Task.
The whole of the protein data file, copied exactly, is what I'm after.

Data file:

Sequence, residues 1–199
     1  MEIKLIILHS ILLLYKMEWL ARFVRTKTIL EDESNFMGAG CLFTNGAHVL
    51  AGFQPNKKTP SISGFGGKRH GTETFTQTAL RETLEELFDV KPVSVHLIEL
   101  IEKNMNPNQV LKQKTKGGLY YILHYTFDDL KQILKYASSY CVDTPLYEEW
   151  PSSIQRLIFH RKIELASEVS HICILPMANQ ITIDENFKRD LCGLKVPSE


Sequence, residues 1–199
     1  MEIKLIILHS ILLLYKMEWL ARFVRTKTIL EDESNFMGAG CLFTNGAHVL
    51  AGFQPNKKTP SISGFGGKRH GTETFTQTAL RETLEELFDV KPVSVHLIEL
   101  IEKNMNPNQV LKQKTKGGLY YILHYTFDDL KQILKYASSY CVDTPLYEEW
   151  PSSIQRLIFH RKIELASEVS HICILPMANQ ITIDENFKRD LCGLKVPSE